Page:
I first posted this on another forum then noticed about this one, more apropriate.
So here it is :
Suppose you are doing a very simple animation that can be drawn on 1 millisec, and that you end your drawing with a call to glutSwapBuffers, then loop.
glutSwapBuffers is supposed to tag the backbuffer to be swapped during the next vertical blanking, then return ; the successive calls to gl functions beeing not executed untill the buffer exchange is completed.
So what if the described loop needs only a ten’th of the vertical rate to perform ?
Will the second glutSwapBuffers block, so that the animation is done at the maximum frame rate, but not more ; or will it just invalidate the prior glutSwapBuffer so that some frames are drawn for nothing ?
I’m not 100% sure how the GLUT implementation of SwapBuffers works (e.g. if it is delayed until other GLUT events or something - wouldn’t think so though).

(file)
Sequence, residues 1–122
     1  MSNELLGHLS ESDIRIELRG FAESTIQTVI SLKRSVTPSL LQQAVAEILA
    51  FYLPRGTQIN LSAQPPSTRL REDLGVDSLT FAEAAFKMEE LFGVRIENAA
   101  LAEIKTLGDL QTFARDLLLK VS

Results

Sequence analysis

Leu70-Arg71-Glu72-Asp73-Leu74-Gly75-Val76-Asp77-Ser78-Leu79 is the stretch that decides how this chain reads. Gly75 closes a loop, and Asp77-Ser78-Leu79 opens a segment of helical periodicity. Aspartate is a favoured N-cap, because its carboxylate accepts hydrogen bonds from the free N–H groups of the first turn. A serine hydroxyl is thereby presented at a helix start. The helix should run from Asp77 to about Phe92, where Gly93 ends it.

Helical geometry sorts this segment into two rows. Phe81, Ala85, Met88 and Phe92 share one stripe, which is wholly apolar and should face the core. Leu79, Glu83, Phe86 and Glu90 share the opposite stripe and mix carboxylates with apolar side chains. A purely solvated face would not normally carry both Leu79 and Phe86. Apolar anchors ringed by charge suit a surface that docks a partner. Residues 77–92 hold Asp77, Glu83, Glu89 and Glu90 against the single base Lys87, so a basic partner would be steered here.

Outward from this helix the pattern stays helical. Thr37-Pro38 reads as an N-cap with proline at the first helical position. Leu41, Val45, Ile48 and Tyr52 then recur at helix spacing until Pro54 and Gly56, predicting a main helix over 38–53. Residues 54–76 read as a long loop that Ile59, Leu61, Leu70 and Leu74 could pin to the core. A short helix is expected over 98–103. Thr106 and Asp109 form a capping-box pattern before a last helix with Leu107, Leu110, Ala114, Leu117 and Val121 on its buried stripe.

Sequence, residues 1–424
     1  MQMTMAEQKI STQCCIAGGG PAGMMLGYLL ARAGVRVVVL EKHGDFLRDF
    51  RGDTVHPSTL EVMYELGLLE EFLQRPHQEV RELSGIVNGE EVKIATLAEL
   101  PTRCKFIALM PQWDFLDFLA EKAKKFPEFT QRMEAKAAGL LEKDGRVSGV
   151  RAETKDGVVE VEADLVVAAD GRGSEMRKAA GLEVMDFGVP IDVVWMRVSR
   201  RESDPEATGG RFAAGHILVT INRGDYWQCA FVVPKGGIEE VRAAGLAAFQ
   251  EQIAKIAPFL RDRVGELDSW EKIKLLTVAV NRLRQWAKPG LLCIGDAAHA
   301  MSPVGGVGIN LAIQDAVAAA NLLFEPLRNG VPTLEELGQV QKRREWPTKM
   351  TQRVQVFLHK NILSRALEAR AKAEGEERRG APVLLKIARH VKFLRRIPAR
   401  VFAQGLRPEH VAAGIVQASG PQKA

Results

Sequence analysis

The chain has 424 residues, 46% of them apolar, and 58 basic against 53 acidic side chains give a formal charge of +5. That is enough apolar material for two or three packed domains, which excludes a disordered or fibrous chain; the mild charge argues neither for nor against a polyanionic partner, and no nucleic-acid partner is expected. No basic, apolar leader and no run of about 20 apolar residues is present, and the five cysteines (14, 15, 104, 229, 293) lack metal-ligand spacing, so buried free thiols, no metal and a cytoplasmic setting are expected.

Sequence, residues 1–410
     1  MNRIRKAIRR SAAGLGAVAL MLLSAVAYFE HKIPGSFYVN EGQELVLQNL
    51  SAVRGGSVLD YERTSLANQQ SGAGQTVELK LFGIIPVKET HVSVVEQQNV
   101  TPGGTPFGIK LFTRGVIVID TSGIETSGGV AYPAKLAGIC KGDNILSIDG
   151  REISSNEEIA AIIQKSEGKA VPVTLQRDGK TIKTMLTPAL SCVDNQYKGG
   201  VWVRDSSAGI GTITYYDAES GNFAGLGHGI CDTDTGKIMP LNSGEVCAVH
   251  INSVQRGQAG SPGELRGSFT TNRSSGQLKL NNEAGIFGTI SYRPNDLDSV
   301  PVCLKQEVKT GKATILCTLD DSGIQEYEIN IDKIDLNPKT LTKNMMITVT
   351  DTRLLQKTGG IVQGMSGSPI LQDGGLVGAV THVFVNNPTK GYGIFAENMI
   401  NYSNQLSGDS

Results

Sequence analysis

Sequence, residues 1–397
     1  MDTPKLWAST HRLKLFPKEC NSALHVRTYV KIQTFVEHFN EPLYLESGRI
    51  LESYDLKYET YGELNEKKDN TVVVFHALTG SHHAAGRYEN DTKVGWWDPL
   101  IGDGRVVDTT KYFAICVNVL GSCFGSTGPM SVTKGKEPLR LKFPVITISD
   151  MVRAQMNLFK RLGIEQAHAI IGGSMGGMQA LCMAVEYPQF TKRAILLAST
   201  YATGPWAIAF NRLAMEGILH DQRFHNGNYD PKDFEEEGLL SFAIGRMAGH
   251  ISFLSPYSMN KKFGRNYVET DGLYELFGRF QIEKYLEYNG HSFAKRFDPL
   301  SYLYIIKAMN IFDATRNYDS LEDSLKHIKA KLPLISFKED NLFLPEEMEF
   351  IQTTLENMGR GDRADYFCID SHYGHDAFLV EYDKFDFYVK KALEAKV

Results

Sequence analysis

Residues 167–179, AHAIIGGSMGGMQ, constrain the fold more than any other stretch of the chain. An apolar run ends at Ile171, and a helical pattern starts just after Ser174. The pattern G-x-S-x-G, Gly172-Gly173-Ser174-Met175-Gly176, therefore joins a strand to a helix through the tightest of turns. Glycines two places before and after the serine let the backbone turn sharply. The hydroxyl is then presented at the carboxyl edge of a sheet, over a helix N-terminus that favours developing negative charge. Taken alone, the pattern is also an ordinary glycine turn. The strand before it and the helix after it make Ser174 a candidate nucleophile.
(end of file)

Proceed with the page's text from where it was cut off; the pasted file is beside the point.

In any case, this is a platform/card/configuration specific issue. If you are running Windows, and have a decent OpenGL driver (e.g. from nVidia), you will probably have an option in the gfx card’s OpenGL settings to turn “VSync” on or off.
If VSync (=sync swap to vertical retrace) is on, then subsequent calls to SwapBuffers will block until the previous swap has completed (I’m not sure, but there may be a “swap queue” so that the call will not block until the N:th call or so).
If, however, VSync is off, then the swap will take place immediately when calling SwapBuffers (without syncing to the monitor vertical retrace), and subsequent calls to SwapBuffers can be performed and executed instantly after returning from the previous call. In other words, your animation can run with FPS figures well above the monitor vertical refresh frequency. On the other hand, you will get ugly swap-in-the-middle-of-the-screen artifacts.
On some systems you can not control this behaviour (e.g. if you have stereo glasses installed and activated).
I’m also not sure if a call (the “first” call) to SwapBuffers can block the caller until the swap has occured. I think most implementations return immediately though (anything else would be a waste of valuable CPU time).
[This message has been edited by marcus256 (edited 01-15-2003).]